Hyundai spins off Genesis luxury brand, promises six new models by 2020

The goal is to compete with the world's top luxury offerings, and Hyundai's new sub-brand will be given substantial autonomy to deliver on that promise.

Andrew Krok Reviews Editor / Cars
Cars are Andrew's jam, as is strawberry. After spending years as a regular ol' car fanatic, he started working his way through the echelons of the automotive industry, starting out as social-media director of a small European-focused garage outside of Chicago. From there, he moved to the editorial side, penning several written features in Total 911 Magazine before becoming a full-time auto writer, first for a local Chicago outlet and then for CNET Cars.
Andrew Krok
3 min read

Hyundai has announced that it will create its own luxury brand, Genesis, spinning it off from the rest of the automaker's lineup. The new Genesis brand aims to have six new vehicles on the road by 2020, as it attempts to "compete with the world's most renowned car brands."

This split has been rumored among industry watchers for many years now, and Hyundai will hardly be alone in developing a dedicated sub-brand for its premium offerings. Honda kickstarted the two-channel strategy with Acura in 1986, and in 1989, Toyota followed with Lexus and Nissan chimed in with Infiniti. Genesis is expected to compete directly with these luxury Asian marques.

Currently, Hyundai sells two Genesis vehicles, a luxury sedan and a sporty coupe. The coupe is at the end of its lifecycle, but the latest Genesis sedan is only two model years old. Hyundai gave hints about expanding the Genesis brand back in the summer, when it debuted the Vision G Concept, which looked startlingly like a Genesis sedan, albeit in large-coupe form.

To give the Genesis its own solid ground on which to stand, Hyundai will give its new baby a significant amount of autonomy. It will receive its own emblem (similar to the winged badge on current Genesis models), a separate customer service experience and its own design studio helmed by former Bentley and Lamborghini designer Luc Donckerwolke.

Hyundai already treats the Genesis differently in its showrooms, providing specialized staff to give luxury-car buyers a more personalized encounter. In the past, it's surprised the industry by providing home pickup and dropoff services to owners of its range-topping Equus sedan (which is likely to be rebranded as a Genesis model), as well as including its owner's manual on an iPad. Hyundai already knows its way around outside-the-box luxury thinking.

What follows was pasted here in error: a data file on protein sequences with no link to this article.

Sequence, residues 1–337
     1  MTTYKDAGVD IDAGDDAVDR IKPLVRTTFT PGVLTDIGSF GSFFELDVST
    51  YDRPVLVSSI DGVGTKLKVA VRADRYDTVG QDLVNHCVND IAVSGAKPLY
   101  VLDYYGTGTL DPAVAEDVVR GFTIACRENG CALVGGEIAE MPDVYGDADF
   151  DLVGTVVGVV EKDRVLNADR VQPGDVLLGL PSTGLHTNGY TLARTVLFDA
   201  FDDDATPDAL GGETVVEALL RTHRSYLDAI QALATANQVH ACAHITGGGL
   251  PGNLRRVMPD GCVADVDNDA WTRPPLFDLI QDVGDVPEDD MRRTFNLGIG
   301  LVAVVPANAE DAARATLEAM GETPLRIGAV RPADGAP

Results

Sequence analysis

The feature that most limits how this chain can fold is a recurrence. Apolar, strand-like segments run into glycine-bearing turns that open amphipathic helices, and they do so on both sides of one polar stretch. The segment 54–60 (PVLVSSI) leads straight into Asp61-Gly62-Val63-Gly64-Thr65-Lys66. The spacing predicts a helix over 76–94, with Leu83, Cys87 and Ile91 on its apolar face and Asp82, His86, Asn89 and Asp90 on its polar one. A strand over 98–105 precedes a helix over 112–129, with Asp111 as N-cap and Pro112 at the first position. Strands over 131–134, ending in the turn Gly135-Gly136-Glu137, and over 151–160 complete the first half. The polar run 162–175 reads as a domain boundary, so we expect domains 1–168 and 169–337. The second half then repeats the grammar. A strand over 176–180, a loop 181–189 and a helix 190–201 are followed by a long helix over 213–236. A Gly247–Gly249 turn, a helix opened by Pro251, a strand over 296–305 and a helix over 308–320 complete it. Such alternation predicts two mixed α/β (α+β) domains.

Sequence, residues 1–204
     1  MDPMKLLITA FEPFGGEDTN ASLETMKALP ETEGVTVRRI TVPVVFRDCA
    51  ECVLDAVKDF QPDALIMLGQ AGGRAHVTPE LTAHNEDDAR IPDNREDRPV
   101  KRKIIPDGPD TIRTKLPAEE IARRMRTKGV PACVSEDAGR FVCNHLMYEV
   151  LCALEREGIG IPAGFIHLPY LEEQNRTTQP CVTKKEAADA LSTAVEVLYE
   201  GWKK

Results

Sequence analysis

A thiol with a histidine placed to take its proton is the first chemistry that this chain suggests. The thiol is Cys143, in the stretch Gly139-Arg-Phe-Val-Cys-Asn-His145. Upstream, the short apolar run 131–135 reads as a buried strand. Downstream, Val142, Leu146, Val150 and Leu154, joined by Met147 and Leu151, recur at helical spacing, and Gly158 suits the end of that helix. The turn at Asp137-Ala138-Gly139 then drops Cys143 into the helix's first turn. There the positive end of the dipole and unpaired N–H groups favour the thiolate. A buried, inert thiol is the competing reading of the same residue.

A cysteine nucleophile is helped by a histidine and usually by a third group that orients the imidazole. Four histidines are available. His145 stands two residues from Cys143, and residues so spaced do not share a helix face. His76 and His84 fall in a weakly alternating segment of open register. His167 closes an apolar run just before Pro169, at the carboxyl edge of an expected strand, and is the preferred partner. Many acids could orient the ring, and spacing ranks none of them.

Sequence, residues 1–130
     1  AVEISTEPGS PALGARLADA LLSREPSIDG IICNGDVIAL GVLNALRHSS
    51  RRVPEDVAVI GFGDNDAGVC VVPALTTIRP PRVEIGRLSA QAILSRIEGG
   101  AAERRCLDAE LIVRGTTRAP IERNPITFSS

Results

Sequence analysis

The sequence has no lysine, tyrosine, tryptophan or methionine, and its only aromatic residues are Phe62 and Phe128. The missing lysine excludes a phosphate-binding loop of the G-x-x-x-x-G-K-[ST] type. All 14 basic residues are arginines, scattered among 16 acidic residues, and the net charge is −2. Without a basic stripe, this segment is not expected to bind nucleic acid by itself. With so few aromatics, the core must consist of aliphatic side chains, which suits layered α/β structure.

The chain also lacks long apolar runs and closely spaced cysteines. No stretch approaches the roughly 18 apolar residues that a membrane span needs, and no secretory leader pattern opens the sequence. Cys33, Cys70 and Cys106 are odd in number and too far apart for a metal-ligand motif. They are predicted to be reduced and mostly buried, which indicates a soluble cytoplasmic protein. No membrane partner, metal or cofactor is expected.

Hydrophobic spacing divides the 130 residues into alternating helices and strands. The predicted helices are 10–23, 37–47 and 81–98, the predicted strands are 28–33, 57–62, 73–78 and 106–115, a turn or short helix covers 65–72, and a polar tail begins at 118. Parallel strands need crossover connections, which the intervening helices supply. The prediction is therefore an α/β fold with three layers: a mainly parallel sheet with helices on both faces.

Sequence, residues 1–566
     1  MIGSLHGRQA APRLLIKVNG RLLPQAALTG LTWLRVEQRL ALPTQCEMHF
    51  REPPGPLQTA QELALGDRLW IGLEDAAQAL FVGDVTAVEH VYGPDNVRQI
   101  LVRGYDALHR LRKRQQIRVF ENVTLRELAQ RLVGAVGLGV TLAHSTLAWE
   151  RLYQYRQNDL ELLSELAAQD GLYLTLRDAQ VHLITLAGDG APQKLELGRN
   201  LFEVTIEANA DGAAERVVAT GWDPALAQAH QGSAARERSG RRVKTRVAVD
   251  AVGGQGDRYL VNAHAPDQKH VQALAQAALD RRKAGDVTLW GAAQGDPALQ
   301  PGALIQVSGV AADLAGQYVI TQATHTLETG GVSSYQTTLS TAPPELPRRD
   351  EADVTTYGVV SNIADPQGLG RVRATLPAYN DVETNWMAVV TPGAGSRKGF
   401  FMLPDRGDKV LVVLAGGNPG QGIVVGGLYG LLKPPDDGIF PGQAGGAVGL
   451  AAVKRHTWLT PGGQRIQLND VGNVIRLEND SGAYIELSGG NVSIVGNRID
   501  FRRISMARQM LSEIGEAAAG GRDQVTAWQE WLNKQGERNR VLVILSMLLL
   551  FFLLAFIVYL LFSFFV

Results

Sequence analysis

2015 Hyundai Genesis sedan (pictures)

See all photos

That sort of approach will be key to separating itself from the crowd. "If that latest Genesis is any indication of what Hyundai can do, it definitely has the chops to branch into that luxury market," said Dave Sullivan, product analysis manager for auto-industry analyst AutoPacific. "Hyundai, with its lower [luxury] sales volume, should be able to do something unique and different for customers, which is what will differentiate Genesis from other brands. The company will be able to do something that people aren't accustomed to with a premium marque."

In a statement, Hyundai made sure to note that there are things that Genesis will do differently. Namely, the brand will "distance itself from the traditional technological overload of brand-focused competitors."

However, it's taking one direction other luxury automakers like BMW, Cadillac and Infiniti have embraced -- an alphanumeric naming structure. Expect names like G90 and G80 to appear on brochures and advertisements in the coming years.

Hyundai will market Genesis in four markets initially -- Korea, China, the Middle East and the United States. Europe and other parts of Asia will come after that.

Genesis' dealership strategy remains unclear -- it's not known if the marque will spawn its own dedicated showrooms or continue to exist as separate square footage in existing Hyundai dealerships. Hyundai did not immediately return a request for comment.